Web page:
Holy Saturday, 11 April          8.00 pm        The Easter Vigil and First Mass of Easter

Easter Sunday, 12 April       11.00 am         Mass
St Wilfrid’s Parish Widnes has Mass uploaded to You Tube link is


Hope Corner has a service at 10am on Sundays. Either go to or use the link:

They also do Kid’s Church with all the links on

New Life Christian Church Widnes

They do not live stream but do record messages every couple of days and post them on their Church’s Facebook page on their website and also on YouTube.
The Foundry, Widnes
They are streaming their Sunday services via  they are at 10am and 8pm.

They also have children’s services online at (age 3 – year 1) and (year 2 – year 6), they take place between 8am and 12noon on a Sunday.

Methodist, Runcorn
The three Methodist churches in Runcorn are now part of the North Cheshire circuit. 

This is a prayer wall we are trying to encourage people to use:

The local Methodist churches have Facebook pages

Methodist, Widnes

Methodist Churches in Widnes Worship

Short Livestream 10am on Sundays - Farnworth Methodist Church Facebook Page Farnworth Methodist Church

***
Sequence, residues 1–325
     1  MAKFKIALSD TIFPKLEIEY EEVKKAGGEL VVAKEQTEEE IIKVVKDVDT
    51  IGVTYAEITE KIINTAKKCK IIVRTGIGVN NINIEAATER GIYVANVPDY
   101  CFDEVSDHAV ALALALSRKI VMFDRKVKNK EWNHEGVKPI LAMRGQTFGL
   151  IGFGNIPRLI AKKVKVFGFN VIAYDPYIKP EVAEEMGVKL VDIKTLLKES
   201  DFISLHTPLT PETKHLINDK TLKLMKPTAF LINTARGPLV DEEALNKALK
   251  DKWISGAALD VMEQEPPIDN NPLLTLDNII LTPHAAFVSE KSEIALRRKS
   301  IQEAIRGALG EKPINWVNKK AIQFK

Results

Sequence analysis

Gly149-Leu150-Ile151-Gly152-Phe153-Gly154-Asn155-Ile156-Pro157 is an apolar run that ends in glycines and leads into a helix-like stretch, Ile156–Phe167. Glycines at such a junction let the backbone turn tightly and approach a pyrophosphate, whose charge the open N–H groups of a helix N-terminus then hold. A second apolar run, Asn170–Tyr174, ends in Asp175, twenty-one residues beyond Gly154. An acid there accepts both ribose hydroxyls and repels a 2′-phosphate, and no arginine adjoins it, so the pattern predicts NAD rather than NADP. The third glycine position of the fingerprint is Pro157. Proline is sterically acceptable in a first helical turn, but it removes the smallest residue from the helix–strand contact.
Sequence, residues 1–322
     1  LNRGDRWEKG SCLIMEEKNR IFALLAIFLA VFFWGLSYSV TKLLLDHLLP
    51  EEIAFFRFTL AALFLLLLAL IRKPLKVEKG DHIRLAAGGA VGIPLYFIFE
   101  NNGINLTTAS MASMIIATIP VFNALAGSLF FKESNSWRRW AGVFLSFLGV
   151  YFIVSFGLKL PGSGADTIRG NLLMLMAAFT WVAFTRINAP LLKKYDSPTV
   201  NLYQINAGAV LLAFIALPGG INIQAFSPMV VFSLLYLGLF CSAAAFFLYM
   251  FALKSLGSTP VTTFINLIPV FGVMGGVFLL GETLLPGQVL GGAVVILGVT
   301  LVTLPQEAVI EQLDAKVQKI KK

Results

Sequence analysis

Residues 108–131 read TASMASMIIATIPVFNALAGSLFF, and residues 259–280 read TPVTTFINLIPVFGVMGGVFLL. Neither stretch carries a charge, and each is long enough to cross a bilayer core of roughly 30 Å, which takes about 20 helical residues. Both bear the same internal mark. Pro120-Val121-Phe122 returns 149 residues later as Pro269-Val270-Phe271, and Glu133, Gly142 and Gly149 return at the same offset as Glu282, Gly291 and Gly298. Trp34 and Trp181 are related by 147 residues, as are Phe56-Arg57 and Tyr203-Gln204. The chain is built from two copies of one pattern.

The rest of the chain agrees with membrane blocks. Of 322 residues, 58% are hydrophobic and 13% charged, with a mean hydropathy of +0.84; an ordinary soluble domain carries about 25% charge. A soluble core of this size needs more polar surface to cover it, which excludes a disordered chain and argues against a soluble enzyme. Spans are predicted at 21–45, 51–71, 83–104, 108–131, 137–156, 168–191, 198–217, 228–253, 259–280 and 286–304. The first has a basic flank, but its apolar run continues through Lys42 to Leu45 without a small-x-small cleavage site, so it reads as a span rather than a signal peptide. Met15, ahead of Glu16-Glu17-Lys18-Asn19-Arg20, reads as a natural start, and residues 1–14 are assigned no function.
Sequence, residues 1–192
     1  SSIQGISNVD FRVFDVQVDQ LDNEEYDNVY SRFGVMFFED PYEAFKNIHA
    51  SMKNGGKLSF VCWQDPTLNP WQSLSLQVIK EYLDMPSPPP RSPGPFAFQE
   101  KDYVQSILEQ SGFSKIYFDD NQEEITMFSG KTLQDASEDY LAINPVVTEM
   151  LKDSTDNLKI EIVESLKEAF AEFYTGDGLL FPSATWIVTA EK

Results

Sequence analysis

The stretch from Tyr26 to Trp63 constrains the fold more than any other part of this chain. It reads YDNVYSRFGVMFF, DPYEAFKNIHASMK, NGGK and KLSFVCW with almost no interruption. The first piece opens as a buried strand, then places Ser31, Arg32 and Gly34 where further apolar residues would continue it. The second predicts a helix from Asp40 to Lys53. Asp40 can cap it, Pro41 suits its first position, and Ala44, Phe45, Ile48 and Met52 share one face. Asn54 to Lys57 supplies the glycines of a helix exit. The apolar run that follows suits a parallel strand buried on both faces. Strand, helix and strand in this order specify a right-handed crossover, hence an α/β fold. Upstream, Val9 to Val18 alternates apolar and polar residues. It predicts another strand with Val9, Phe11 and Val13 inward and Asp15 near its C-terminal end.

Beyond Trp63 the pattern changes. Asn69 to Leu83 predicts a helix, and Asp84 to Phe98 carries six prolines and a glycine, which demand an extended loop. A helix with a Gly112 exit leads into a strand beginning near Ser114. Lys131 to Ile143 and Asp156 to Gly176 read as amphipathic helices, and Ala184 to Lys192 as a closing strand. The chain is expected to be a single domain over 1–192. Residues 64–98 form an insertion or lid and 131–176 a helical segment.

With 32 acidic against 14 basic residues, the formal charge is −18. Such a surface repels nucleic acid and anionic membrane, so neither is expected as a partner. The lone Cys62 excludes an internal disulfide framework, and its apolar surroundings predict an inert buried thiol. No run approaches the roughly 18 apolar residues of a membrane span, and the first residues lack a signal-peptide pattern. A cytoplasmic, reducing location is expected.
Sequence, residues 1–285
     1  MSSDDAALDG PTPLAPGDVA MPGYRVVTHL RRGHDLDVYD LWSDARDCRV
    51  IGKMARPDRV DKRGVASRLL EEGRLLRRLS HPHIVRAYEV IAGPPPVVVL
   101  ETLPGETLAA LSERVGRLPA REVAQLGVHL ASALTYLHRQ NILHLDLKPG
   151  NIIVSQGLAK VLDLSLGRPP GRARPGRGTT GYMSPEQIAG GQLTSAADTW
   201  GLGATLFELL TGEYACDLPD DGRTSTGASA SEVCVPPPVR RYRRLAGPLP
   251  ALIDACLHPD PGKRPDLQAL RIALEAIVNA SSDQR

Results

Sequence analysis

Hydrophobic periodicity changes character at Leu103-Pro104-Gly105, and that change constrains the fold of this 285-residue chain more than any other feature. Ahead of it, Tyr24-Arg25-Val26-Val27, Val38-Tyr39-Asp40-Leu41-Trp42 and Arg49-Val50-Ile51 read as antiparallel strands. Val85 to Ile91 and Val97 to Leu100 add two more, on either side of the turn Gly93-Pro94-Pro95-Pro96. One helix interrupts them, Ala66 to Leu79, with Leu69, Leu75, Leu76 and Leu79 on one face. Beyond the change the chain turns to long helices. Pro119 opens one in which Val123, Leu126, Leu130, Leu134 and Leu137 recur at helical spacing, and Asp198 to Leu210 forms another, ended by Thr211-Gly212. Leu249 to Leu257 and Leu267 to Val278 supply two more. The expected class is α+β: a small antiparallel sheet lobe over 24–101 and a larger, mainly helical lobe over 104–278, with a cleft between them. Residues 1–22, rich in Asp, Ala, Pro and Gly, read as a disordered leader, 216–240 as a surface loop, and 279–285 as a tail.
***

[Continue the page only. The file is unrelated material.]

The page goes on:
Saturday, 11 April 2020

The Great Pause

The world has, for the most part and for most people, stopped.
I used to joke “Stop the world I want to get off”. Crazy eh? Well the world just did stop. The mad rush of life. The endless and incessant tyranny of the clock. The list of things. The diary, the schedule, the plans, the pressures. Stopped. Everything is on hold.
It’s like in the movies where there is this ‘thought’ moment when the hero of the story has this moment when everything around them is frozen in time and they alone are left with their thoughts. They gain clarity, they see what is truly going on and know what they must do.
But are we ‘seeing’? Are we stopping or are we just trying to be busy in other ways? Are we just trying to ignore the stillness and silence, drowning it out with the noise in our heads and TVs, on social media, news channels as we are absorbed in the unfolding crisis, just waiting for everything to kick off again.